Saturday, 4 May 2013

Macro photography of macrofauna

The weather over the last week has been remarkably good and we have now nearly finished surveying Mid St George’s Channel, our fourth and final survey area.  As with the other survey areas, we are collecting samples of the seabed with the Hamon grab and collecting video and stills with the camera drop-frame.  
Multibeam echosounder bathymetry at Mid St George's Channel showing sampling station location

Below are macro photos of some the creatures we have already observed in the grab samples at Mid St George's Channel:

A small world on a cobble: from a Hamon grab sample, a crab (Xantho sp.) with eggs, a sea urchin (Psammechinus miliaris), hydroid (Diphasia sp.), and encrusting bryozoa.

This is a hydrozoan (Tubularia indivisa) we found in another grab sample. These animals are related to anemones, jellyfish and corals. Its tentacles, with which it feeds, have opened here in our makeshift aquarium.

A northern horsemussel (Modiolus modiolus) specimen found at Mid St George’s Channel. This organism can form extensive beds or reef on the seabed.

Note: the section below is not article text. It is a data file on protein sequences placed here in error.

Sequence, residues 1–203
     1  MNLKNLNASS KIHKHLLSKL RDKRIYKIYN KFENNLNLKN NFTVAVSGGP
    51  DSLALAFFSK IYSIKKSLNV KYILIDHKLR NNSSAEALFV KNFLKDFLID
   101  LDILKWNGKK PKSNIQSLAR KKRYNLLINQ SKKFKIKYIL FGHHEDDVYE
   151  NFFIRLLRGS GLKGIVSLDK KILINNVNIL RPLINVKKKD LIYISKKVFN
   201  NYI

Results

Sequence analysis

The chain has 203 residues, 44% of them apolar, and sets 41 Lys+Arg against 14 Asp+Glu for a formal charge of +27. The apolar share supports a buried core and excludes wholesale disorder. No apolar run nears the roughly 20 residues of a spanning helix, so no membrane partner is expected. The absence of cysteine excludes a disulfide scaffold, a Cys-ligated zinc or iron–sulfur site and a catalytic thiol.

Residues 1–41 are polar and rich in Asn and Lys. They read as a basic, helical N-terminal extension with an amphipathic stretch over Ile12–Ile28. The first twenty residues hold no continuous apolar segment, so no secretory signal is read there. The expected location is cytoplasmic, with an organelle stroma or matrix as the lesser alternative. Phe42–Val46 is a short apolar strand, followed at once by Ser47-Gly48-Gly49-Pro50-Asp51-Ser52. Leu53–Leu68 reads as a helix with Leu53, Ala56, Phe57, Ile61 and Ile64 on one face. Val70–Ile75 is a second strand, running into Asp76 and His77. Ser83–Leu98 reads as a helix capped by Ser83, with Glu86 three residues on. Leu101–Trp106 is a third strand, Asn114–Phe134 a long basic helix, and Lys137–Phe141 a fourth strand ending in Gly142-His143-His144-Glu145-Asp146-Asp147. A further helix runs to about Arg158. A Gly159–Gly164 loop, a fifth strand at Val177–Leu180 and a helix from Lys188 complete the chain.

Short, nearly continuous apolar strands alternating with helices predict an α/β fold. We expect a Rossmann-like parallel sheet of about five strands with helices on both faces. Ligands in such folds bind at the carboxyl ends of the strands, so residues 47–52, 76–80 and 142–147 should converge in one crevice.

Eurynome sp.

 Calliostoma sp.

At night, we observed many small-spotted catsharks, some of which seemed to follow the video camera. Here is one posing for us alongside some Flustra foliacea:

The day-shift discovered a wreck teeming with life on one of their camera tows. They had to be especially careful with the camera frame to ensure it did not snag on any of the projecting structure. Below can be seen a colony of Ross coral (Pentapora fascialis) and whelk eggs amongst the wreckage:

The night shift at daybreak, midway through a 12hr shift: from left to right, Alex (the boss), Marc, Ian, Steve, Paulette, Buster and Eleonora. In the foreground is Dave.